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Understanding Suicide

About Understanding Suicide

Approximately 4,000 Canadians die by suicide each year, and they estimate four times that amount of people have attempted suicide.  That doesn’t even include people who are thinking about suicide but not acting on those thoughts.  That’s a lot of people having suicidal ideation!  And oh the shame these people feel.  They are sometimes so ashamed they don’t speak to anyone about their suicidal thoughts and then they end up committing suicide.  Can you imagine that??  What if someone’s arm fractured and they didn’t want to go get medical treatment because they were too embarrassed about the status of their arm?! Now that would be wild!


Like any difficulty, there is a lot to understand about suicide.  The focus of this information is to attempt to decrease stigma by understanding why it occurs, how psychologists assess suicide, and to highlight how stigma negatively impacts seeking treatment. 

Suicide is our brain’s way of finding a solution to a seemingly unsolvable problem.  Ninety percent of people who have committed suicide have also had Major Depressive Disorder (the true diagnostic name for depression.)  When people are feeling so overwhelmed with hopelessness about who they are, the world around them, their future – they feel there is no way out.  Our brain is designed to problem solve.  Through the distorted lens of depression, our brain figures out that we can escape this distress by taking our own lives.  Most people with suicidal thoughts don’t want to die – if you could wave a magic wand and silence their self-critical, anxious and/or low-mood thoughts and feelings, they would gladly take that option.  However, when you don’t have the tools to change your symptoms, and you are not talking to anybody to help you problem solve because you are too ashamed, death may feel like the only option.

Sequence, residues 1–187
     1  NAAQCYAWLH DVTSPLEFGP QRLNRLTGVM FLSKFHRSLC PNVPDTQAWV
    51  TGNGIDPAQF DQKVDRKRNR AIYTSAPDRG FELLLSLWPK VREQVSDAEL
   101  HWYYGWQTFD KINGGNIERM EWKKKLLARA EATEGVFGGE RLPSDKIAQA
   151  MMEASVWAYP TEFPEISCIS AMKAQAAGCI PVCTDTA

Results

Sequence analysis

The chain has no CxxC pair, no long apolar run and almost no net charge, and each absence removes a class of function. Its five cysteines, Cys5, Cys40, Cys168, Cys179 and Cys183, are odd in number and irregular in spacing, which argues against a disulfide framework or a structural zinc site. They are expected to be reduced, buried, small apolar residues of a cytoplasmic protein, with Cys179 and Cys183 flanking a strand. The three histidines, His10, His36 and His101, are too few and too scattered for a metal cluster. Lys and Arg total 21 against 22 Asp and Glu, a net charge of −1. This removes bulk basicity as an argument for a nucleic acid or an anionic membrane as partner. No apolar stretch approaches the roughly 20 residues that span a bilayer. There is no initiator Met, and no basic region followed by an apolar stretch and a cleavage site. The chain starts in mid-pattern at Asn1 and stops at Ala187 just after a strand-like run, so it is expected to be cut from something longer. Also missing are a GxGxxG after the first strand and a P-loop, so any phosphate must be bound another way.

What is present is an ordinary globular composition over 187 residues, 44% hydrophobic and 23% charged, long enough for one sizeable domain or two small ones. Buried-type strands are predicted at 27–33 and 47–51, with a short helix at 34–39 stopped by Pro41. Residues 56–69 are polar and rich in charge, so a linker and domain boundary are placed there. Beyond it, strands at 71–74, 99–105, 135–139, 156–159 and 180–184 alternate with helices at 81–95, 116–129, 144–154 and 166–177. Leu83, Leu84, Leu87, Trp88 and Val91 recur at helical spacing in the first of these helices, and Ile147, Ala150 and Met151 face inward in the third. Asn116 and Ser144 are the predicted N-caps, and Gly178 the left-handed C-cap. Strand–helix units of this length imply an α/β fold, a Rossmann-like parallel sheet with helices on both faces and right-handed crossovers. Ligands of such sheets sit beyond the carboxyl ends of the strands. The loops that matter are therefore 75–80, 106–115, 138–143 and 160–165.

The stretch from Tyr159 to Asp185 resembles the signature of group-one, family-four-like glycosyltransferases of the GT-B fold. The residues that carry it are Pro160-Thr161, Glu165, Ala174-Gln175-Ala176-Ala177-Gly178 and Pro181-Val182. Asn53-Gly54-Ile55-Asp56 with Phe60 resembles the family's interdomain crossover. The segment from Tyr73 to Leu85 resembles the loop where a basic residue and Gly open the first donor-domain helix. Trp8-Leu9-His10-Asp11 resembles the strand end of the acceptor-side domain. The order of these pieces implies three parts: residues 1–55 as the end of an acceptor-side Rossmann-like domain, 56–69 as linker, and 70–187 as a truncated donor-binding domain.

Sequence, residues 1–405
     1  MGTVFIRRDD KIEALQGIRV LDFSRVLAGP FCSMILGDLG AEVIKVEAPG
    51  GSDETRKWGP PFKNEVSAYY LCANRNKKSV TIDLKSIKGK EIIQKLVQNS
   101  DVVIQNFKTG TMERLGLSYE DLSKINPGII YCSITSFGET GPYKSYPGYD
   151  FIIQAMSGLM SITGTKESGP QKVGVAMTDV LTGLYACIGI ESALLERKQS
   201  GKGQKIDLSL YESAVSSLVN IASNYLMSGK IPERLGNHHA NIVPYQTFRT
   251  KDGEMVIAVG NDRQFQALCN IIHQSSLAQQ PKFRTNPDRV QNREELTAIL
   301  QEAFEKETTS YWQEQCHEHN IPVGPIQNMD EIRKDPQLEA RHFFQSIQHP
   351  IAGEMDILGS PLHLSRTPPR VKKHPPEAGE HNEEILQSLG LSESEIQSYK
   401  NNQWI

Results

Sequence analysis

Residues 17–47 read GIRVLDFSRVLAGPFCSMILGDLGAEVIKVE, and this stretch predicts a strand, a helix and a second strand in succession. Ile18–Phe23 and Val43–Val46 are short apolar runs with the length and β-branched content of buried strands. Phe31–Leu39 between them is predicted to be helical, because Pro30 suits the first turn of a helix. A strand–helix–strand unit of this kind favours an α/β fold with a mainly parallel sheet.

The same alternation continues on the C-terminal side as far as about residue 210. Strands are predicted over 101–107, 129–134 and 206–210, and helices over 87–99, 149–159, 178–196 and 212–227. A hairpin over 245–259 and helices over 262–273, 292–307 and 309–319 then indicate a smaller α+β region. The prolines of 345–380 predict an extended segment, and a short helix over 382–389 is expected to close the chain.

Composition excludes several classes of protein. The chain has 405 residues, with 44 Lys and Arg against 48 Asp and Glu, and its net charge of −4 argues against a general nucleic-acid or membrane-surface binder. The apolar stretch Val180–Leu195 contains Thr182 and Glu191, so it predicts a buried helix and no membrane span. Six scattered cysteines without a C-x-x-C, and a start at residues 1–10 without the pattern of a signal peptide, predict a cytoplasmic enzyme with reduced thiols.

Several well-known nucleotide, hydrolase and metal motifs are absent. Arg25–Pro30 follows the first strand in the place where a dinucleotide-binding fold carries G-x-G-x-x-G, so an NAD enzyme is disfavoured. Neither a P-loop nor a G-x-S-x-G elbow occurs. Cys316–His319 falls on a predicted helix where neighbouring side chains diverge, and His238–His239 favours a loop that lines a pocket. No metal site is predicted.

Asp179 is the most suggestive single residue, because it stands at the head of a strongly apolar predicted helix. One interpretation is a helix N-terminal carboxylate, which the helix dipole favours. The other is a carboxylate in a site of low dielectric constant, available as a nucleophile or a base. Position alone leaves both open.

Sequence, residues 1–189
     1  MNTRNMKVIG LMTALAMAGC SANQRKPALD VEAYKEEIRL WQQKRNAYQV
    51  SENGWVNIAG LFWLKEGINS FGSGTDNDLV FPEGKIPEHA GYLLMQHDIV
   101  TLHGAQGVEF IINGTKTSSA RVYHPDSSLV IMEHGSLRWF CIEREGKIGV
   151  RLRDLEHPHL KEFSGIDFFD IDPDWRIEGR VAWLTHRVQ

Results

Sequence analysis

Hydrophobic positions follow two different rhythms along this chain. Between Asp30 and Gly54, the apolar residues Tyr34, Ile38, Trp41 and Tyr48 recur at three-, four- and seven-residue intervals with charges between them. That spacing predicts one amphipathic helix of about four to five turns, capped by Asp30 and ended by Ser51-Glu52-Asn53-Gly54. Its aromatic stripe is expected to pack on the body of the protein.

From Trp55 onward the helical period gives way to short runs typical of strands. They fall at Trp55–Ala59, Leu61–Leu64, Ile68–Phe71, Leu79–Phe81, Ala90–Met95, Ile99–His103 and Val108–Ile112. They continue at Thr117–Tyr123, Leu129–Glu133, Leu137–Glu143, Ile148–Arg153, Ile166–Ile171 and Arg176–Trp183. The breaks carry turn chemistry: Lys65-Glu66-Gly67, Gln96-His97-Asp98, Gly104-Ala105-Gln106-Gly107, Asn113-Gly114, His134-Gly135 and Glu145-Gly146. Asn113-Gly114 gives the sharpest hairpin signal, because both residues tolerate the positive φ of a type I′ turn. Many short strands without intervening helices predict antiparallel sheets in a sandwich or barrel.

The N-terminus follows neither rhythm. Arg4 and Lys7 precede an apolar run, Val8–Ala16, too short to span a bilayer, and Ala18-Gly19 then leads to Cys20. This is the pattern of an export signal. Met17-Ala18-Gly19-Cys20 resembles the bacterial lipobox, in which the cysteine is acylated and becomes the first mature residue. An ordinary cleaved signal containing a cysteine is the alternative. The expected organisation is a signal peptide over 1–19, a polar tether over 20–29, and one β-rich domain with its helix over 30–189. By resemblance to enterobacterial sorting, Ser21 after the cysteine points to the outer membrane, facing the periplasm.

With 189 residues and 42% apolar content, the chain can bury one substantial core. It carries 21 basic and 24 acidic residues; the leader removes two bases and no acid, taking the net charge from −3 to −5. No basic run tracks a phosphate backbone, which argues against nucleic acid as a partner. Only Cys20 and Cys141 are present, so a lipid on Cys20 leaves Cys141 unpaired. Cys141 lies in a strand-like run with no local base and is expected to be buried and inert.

It is important to understand how Psychologists assess suicide in order to understand yourself or a loved one.  To be clear – intervention should occur at any and all of these stages.  First, we assess if the suicidal thoughts are passive or active.  Passive thoughts do not involve a plan or intent.  Examples: “It would be easier for my loved ones if I wasn’t here.” and “It would be great if I didn’t wake up in the morning.”  Active thoughts involve a plan.  It’s important to know if people have thought about how they would do it, have access to the method they chose, have started accessing the things they need, are rehearsing how they would do it, and if they have been tying up loose ends.  After this, we want to know if someone has intent to commit suicide.  People do not want to commit suicide for all sorts of important reasons.  Examples: impact on their loved ones and/or pets, knowing that all things change and how they feel is not forever, not wanting to be dead, etc.  There is a reason we have assessment tools for suicide – it’s a common difficulty! 


Knowing facts about suicide can assist you with empathizing with yourself or others, versus sitting in judgment.  Openly communicating about suicide doesn’t increase the likelihood of it occurring.  Talking about factual information helps decrease stigma and increase the likelihood that someone having these types of thoughts will reach out for help. So – Let’s talk!